If there were some way to guarantee that all American citizens, regardless of race, ZIP code, income, or status, could receive a world-class K-12 education, the racial playing field might become level on its own. If so, we would no longer need programs and policies that offer broad solutions for racial inequality. In the clear absence of such a guarantee, however, we must continue to look to the law as an assurance that racial justice is still possible.
This paraphrase of Randall Kennedy’s contention [subscription required] in his book, For Discrimination: Race, Affirmative Action, and the Law captures what is a central tension in university admissions and post-matriculation support. It also underlines how different generations (a perilous analytical paradigm, I concede) view the fairness—and necessity—of affirmative action.
I am convinced that baby boomers see race and ethnicity as “causal” of various inequities. Generation Xers and Millennials (as defined in the 1991 Howe and Strauss classic, Generations: The History of America's Future, 1584 to 2069, 1991) experience phenomena as culture and class outcomes. In some ways their interpretations are more nuanced, forgiving, or naïve, depending on how harshly one judges.
For this reason, and perhaps this age-divided reason alone, that the “younger” among us attribute injustice and lack of opportunity to a mélange of variables beyond color, that indeed bedevil an underclass of all colors. [subscription required] With such a mindset, it is simple to cast patterns of college admissions, enrollments, degree completion, hiring, promotion, and leadership as purely the result of individual differences.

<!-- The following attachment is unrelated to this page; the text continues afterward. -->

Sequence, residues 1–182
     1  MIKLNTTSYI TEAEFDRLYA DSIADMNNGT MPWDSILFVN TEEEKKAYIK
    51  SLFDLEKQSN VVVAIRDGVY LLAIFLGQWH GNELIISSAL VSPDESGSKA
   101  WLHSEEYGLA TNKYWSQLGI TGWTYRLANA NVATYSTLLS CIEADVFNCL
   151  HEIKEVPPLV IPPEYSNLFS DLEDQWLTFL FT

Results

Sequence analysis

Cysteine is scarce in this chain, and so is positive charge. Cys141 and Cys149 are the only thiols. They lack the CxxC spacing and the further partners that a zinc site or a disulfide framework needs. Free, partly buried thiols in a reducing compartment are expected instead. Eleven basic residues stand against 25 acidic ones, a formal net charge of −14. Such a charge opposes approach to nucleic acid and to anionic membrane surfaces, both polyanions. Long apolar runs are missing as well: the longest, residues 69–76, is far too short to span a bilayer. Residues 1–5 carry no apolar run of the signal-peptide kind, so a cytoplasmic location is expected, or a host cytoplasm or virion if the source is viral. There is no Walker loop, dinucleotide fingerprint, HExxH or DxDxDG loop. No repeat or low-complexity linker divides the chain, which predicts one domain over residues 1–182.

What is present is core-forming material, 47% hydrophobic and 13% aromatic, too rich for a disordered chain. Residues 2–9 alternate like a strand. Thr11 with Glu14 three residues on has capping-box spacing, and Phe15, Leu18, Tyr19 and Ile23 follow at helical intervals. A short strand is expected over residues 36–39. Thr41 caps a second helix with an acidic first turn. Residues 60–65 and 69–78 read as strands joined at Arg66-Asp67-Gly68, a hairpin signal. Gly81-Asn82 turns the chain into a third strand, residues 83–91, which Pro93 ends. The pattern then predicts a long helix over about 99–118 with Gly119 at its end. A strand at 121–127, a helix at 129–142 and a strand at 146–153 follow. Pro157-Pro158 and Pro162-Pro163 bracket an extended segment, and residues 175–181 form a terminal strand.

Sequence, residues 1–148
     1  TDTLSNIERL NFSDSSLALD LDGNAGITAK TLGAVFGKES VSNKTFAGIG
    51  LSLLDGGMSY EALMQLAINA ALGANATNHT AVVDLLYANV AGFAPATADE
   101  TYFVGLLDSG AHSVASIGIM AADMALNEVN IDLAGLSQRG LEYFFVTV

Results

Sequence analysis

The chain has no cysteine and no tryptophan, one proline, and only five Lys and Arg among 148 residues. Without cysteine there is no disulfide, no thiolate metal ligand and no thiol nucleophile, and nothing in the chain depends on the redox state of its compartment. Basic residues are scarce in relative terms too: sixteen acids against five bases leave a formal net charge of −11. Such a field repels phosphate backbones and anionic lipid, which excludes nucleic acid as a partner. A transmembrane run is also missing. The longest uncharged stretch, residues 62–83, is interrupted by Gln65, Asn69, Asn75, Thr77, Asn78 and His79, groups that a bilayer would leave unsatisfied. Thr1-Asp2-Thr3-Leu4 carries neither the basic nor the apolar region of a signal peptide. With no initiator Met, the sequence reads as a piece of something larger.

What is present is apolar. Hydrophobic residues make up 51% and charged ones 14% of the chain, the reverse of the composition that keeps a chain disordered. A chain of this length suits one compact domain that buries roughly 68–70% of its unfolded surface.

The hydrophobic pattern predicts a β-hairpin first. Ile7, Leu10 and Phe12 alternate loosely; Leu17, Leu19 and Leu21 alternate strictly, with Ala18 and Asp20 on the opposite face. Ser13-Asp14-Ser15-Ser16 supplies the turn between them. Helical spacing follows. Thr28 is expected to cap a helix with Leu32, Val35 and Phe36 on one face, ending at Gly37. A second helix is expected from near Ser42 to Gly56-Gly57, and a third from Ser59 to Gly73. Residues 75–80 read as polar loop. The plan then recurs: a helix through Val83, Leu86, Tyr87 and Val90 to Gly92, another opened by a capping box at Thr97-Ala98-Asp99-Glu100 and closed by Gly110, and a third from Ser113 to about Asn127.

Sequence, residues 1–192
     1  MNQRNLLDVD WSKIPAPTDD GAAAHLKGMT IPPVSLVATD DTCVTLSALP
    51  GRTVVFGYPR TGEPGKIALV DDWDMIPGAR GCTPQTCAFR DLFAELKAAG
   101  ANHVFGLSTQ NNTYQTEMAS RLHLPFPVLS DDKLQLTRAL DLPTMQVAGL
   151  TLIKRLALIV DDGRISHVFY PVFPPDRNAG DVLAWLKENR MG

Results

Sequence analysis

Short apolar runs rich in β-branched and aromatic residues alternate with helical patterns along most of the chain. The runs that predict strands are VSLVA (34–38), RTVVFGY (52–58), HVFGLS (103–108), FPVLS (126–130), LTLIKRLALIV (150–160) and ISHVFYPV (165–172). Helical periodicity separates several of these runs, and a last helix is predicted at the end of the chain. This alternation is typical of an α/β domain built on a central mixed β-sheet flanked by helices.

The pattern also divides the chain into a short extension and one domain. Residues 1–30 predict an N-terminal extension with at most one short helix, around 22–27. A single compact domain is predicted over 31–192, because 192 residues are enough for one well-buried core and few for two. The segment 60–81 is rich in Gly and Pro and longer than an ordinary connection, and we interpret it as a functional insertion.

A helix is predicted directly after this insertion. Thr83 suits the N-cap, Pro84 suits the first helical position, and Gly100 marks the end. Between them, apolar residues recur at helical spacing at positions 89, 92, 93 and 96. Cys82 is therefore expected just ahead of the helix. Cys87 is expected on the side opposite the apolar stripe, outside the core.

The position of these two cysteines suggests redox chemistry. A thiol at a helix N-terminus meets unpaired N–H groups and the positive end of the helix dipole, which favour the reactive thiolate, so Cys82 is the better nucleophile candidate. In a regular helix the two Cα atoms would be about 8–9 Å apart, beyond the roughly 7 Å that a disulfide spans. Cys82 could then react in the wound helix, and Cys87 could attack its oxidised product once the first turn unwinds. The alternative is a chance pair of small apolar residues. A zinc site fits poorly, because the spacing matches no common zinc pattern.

For the younger, group characteristics are only a convenient scapegoat explanation. Indeed, aggregating individual experiences into trends reveals patterns that obscure what really matters: Some are endowed more than others, work harder, and achieve more by dint of their habits, not their ascribed similarity. Meritocracy rules in theory and practice!
Boomers, of course, take a longer view because we’ve lived the horrors of the civil rights movement—on our TVs and in the marches on campuses and town streets. For us, social change lags demographic change, seeming glacially slow and barely discernible. “Post-racial society” is an empty slogan, and movies depicting racial oppression are a melodramatic, but fundamentally accurate, rendering of what was—and is (in 21stcentury garb).
So how do the generations communicate about these differing conceptions and implacable filters? Not well. Rap music may have transcended color lines within a generation, but this has hardly translated into a waning of racism. Neighborhood public schools are re-segregated. Diversity is declared a campus value and diversity officers are installed with the oft-empty title of vice-president. This relieves faculty of the responsibility to alter courses or classroom climate, student attitudes or behaviors.
Much like national politics, the United States is a country divided on race. Subsuming race and ethnicity under culture and class is merely applying a Band-aid to the wound of prejudice and discrimination. No real understanding, compassion, or “taking the role of the other” (as pragmatist sociologist George Herbert Mead put it) has occurred. Instead, stereotypes have rigidified as the generations drift apart on the manifestations and meanings of race in society.
From the vantage of my college awakening to Great Society legislation, I don’t think we’ve learned much in the last 50 years. The younger have repudiated what we see, yet perpetuated how we deal with “difference.” That they see affirmative action as discriminatory against the majority is our failure—and why law that speaks to race is still needed.
In my view, the playing field will not level on its own.